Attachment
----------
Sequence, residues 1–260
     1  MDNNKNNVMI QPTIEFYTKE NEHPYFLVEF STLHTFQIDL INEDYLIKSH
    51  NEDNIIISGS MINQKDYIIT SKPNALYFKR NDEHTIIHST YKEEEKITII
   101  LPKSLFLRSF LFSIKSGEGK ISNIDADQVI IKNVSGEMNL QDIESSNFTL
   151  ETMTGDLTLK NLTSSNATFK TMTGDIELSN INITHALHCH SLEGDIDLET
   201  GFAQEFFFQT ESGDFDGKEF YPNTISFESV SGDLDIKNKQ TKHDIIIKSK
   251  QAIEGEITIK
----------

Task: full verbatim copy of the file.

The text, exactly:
Sequence, residues 1–260
     1  MDNNKNNVMI QPTIEFYTKE NEHPYFLVEF STLHTFQIDL INEDYLIKSH
    51  NEDNIIISGS MINQKDYIIT SKPNALYFKR NDEHTIIHST YKEEEKITII
   101  LPKSLFLRSF LFSIKSGEGK ISNIDADQVI IKNVSGEMNL QDIESSNFTL
   151  ETMTGDLTLK NLTSSNATFK TMTGDIELSN INITHALHCH SLEGDIDLET
   201  GFAQEFFFQT ESGDFDGKEF YPNTISFESV SGDLDIKNKQ TKHDIIIKSK
   251  QAIEGEITIK